Somalia faces political crisis as opposition boycotts elections
Opposition cries foul over fraud, unfair practices despite assurances by prime minister
Citing lack of transparency and widespread irregularities, Somalia’s opposition parties have said they will not participate in or accept results of the ongoing parliamentary elections.
The announcement came from a group of opposition candidates for the presidential election, which will be held once Somalia completes the process to elect 275 members of the parliament’s lower House of the People.
“The Union of Presidential Candidates declares that it does not condone, accept, and will not be part of the ongoing looting that destroys peace and the state-building process,” Dahir Mohamud Geele, a spokesman for the group, said in a statement on Tuesday evening.
This followed a weekend meeting between Prime Minister Mohamed Hussein Roble and the opposition’s presidential contenders, who include two former heads of state.
In Sunday’s talks, Roble sought to ease rising political tensions over “lack of transparency and blatant violations” in the elections, according to a statement issued by the premier’s office.
Roble also met officials of Somalia’s elections authority on Monday, telling them that the situation was “unacceptable” and urging them to ensure that the polls are held in a fair and credible manner.
Analysts fear the potential impasse could push back Somalia to the deadly unrest witnessed during past political standoffs.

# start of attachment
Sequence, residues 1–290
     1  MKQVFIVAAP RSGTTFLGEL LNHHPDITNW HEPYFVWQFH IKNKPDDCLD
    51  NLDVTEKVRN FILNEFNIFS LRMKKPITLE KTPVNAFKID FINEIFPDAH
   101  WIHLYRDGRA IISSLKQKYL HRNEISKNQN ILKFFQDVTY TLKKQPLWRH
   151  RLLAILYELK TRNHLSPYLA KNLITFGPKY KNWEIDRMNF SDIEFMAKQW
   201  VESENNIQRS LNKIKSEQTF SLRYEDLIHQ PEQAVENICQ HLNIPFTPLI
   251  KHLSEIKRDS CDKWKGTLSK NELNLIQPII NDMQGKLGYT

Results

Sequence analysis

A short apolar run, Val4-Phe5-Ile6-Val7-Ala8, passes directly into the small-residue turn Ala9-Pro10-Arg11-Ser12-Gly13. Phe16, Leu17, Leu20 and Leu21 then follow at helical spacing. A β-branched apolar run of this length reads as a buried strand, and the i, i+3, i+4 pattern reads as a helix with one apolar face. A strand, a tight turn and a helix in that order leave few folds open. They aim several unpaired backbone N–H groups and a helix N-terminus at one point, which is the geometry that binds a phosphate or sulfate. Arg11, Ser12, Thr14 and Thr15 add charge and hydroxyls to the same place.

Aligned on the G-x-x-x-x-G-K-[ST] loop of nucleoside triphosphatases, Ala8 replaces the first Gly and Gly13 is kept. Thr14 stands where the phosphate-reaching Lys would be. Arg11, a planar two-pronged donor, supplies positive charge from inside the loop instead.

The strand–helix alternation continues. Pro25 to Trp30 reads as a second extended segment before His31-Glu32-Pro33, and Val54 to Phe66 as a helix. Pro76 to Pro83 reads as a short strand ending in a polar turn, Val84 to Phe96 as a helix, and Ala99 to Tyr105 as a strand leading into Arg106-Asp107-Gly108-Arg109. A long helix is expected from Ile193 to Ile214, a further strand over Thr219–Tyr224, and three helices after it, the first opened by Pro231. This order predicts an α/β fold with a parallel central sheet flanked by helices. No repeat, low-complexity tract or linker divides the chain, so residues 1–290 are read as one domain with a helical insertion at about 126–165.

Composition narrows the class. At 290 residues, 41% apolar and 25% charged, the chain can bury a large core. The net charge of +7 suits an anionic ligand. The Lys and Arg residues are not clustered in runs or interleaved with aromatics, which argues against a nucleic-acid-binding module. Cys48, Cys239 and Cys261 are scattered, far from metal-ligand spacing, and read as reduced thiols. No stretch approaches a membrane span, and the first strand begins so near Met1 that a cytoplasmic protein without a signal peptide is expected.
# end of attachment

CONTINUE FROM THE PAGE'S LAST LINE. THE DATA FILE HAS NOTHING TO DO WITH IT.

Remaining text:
“The danger is that we could be in a scenario similar to what we saw this April,” Rashid Abdi, a regional political analyst told Anadolu Agency, referring to clashes that erupted after President Mohamed Abdullahi Mohamed signed a law extending his and his Cabinet’s term for two years.
“The solution is to return to the 2016 electoral model without any modifications, as well as changes in the leadership of the Federal Electoral Implementation Team (FEIT).”
Abdikarim Hassan Mohamed, a lawyer, said the onus lies with Roble to ensure that Somalia does not “lapse into conflict.”
“When you keep a system such as this informal election process, there is always room for such accusations [of fraud and violations],” he said.
“All stakeholders need to put aside their interests, look at how fragile Somalia’s situation is right now, and put public interest above everything. The prime minister needs to lead and unite all parties.”